Tate wanders over the Hendrix landscape everywhere and in awe, offering a cerebral and gingery reminder of his subject’s...

MIDNIGHT LIGHTNING

JIMI HENDRIX AND THE BLACK EXPERIENCE

A jumpy, fast-talking take on Jimi Hendrix—the social meaning, the sexual mystery, and the music of a “musician’s musician.”

“Race, sex, technology, and Jimi Hendrix—these will position the coordinates on this star map,” explains music journalist Tate (Everything But the Burden, not reviewed). Hendrix was super-elevated for the author, “a living embodiment of all our racial fears, romantic fantasies, otherworldly dreams, and radical desires,” and the writer’s spellbound pyrotechnics can tend at once toward hagiography and hyperbole. Did Hendrix, asks Tate, embody our racial fears, or was he a shape-shifter who could shred racial shibboleths, receiving exceptional “treatment from whites because he was not perceived as a political threat . . . traveled in white company, drew a white crowd, kept a white band, and, oh yeah, bedazzled the Hostiles in a field considered a white man’s province”? Was the inventive life force he found in the Fender Strat based in rhythm and blues, soul, and jazz, or was it a fiery marriage of storefront gospel singer, barwalking saxophonist, and Delta blues? Tate makes Hendrix into a fascinating lawbreaker and Rosetta stone, liquid and languid, “a supersignifier of Post-Liberate Black Consciousness,” possibly “what life as a Black Man without fear of a white planet might look like, feel like, taste like.” Erotic, destructive, chaotic, yet a gentleman too, sartorially definitive, and, oh boy, a musician who could play a loud bolthole to the cosmic, “except [that] the ecumenical Hendrix wanted to pursue a path to cosmos that would be accessible to the average American Pop fan.” Tate is smart and playful, speculating on what might have been if the wine and sleeping pills hadn’t done their work, crafting “some Borgesian fluff for this occasion, confections turned fictions.”

Tate wanders over the Hendrix landscape everywhere and in awe, offering a cerebral and gingery reminder of his subject’s social and musical revolution. (4 b&w photos)

Pub Date: July 1, 2003

ISBN: 1-55652-469-2

Page Count: 176

Publisher: N/A

Review Posted Online: May 20, 2010

Kirkus Reviews Issue: May 1, 2003

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If the authors are serious, this is a silly, distasteful book. If they are not, it’s a brilliant satire.

THE 48 LAWS OF POWER

The authors have created a sort of anti-Book of Virtues in this encyclopedic compendium of the ways and means of power.

Everyone wants power and everyone is in a constant duplicitous game to gain more power at the expense of others, according to Greene, a screenwriter and former editor at Esquire (Elffers, a book packager, designed the volume, with its attractive marginalia). We live today as courtiers once did in royal courts: we must appear civil while attempting to crush all those around us. This power game can be played well or poorly, and in these 48 laws culled from the history and wisdom of the world’s greatest power players are the rules that must be followed to win. These laws boil down to being as ruthless, selfish, manipulative, and deceitful as possible. Each law, however, gets its own chapter: “Conceal Your Intentions,” “Always Say Less Than Necessary,” “Pose as a Friend, Work as a Spy,” and so on. Each chapter is conveniently broken down into sections on what happened to those who transgressed or observed the particular law, the key elements in this law, and ways to defensively reverse this law when it’s used against you. Quotations in the margins amplify the lesson being taught. While compelling in the way an auto accident might be, the book is simply nonsense. Rules often contradict each other. We are told, for instance, to “be conspicuous at all cost,” then told to “behave like others.” More seriously, Greene never really defines “power,” and he merely asserts, rather than offers evidence for, the Hobbesian world of all against all in which he insists we live. The world may be like this at times, but often it isn’t. To ask why this is so would be a far more useful project.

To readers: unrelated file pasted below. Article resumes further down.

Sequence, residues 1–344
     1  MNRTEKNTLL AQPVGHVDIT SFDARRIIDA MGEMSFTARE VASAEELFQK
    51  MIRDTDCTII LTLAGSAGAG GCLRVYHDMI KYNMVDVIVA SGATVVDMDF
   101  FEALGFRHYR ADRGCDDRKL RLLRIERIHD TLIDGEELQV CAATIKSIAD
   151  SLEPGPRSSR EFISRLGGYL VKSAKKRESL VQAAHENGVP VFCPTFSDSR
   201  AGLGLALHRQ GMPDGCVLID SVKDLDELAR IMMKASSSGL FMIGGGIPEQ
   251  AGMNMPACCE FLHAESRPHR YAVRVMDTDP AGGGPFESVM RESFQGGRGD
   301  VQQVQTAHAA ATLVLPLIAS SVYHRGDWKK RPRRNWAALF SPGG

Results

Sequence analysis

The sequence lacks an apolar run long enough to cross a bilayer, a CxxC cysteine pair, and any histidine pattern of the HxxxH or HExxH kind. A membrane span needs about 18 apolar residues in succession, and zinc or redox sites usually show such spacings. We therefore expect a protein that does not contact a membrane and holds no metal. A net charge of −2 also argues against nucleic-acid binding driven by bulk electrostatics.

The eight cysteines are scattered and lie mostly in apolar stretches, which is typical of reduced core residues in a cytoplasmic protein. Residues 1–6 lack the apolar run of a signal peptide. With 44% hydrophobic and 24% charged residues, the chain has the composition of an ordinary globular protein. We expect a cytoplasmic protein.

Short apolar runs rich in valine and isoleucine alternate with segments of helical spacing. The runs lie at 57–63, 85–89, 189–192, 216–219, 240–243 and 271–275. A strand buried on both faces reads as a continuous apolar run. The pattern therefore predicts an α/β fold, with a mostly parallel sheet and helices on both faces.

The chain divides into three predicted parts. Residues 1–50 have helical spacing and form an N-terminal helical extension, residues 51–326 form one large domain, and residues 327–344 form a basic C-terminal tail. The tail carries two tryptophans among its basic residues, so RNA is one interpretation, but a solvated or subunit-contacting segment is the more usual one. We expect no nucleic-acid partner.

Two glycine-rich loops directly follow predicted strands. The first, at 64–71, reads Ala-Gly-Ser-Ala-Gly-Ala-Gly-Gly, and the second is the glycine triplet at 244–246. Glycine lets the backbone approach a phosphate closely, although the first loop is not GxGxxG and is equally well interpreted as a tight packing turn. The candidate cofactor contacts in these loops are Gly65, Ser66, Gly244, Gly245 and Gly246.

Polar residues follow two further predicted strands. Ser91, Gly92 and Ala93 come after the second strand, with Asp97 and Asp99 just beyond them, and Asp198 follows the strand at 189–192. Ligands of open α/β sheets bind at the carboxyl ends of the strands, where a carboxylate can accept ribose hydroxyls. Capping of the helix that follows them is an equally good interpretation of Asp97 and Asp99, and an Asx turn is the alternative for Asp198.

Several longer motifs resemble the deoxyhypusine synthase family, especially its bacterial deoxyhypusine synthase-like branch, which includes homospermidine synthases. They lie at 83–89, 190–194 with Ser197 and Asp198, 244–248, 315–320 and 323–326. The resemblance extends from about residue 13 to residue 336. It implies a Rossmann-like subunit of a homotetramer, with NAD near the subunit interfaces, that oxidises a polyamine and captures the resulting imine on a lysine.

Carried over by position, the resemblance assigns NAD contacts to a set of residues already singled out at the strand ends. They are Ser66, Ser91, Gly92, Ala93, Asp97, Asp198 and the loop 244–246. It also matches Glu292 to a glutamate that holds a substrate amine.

If the authors are serious, this is a silly, distasteful book. If they are not, it’s a brilliant satire.

Pub Date: Sept. 1, 1998

ISBN: 0-670-88146-5

Page Count: 430

Publisher: Viking

Review Posted Online: May 20, 2010

Kirkus Reviews Issue: July 15, 1998

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The author's youthfulness helps to assure the inevitable comparison with the Anne Frank diary although over and above the...

NIGHT

Elie Wiesel spent his early years in a small Transylvanian town as one of four children. 

He was the only one of the family to survive what Francois Maurois, in his introduction, calls the "human holocaust" of the persecution of the Jews, which began with the restrictions, the singularization of the yellow star, the enclosure within the ghetto, and went on to the mass deportations to the ovens of Auschwitz and Buchenwald. There are unforgettable and horrifying scenes here in this spare and sombre memoir of this experience of the hanging of a child, of his first farewell with his father who leaves him an inheritance of a knife and a spoon, and of his last goodbye at Buchenwald his father's corpse is already cold let alone the long months of survival under unconscionable conditions. 

The author's youthfulness helps to assure the inevitable comparison with the Anne Frank diary although over and above the sphere of suffering shared, and in this case extended to the death march itself, there is no spiritual or emotional legacy here to offset any reader reluctance.

Pub Date: Jan. 16, 2006

ISBN: 0374500010

Page Count: 120

Publisher: Hill & Wang

Review Posted Online: Oct. 7, 2011

Kirkus Reviews Issue: Jan. 15, 2006

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